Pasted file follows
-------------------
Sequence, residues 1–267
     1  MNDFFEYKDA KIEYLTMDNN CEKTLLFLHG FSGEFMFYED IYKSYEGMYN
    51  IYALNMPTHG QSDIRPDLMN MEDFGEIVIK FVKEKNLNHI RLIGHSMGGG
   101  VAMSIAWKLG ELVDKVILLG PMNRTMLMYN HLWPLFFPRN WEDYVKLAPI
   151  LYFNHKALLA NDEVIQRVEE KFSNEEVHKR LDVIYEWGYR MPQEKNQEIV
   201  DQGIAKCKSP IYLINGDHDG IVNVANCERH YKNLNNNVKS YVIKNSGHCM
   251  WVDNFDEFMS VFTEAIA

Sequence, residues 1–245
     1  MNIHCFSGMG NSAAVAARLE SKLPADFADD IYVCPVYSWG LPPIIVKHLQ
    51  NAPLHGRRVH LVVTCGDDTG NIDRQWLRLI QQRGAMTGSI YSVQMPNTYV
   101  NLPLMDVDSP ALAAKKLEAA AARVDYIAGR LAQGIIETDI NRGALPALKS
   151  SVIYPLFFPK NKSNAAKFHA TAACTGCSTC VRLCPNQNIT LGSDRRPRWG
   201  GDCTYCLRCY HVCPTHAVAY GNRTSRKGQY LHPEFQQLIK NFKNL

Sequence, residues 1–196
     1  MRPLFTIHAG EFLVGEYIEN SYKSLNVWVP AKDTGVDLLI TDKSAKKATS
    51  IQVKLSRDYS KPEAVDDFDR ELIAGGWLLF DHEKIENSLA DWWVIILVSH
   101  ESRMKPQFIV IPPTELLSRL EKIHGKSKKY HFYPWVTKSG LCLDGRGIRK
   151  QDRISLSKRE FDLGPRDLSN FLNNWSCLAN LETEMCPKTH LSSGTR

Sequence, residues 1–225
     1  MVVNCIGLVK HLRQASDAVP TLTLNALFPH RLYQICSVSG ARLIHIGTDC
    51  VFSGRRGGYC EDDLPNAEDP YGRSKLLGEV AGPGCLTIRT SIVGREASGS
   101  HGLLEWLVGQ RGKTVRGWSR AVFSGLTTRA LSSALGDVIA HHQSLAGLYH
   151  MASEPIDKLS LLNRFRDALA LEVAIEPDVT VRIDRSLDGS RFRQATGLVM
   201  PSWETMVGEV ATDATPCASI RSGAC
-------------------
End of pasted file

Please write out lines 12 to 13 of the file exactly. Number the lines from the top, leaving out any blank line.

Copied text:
   151  SVIYPLFFPK NKSNAAKFHA TAACTGCSTC VRLCPNQNIT LGSDRRPRWG
   201  GDCTYCLRCY HVCPTHAVAY GNRTSRKGQY LHPEFQQLIK NFKNL